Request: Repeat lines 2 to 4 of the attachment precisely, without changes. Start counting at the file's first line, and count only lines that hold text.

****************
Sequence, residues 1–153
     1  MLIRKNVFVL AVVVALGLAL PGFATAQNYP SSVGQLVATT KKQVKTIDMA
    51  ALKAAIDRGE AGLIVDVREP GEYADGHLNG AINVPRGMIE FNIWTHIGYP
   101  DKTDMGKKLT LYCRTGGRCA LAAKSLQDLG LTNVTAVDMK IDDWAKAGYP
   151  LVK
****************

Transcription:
     1  MLIRKNVFVL AVVVALGLAL PGFATAQNYP SSVGQLVATT KKQVKTIDMA
    51  ALKAAIDRGE AGLIVDVREP GEYADGHLNG AINVPRGMIE FNIWTHIGYP
   101  DKTDMGKKLT LYCRTGGRCA LAAKSLQDLG LTNVTAVDMK IDDWAKAGYP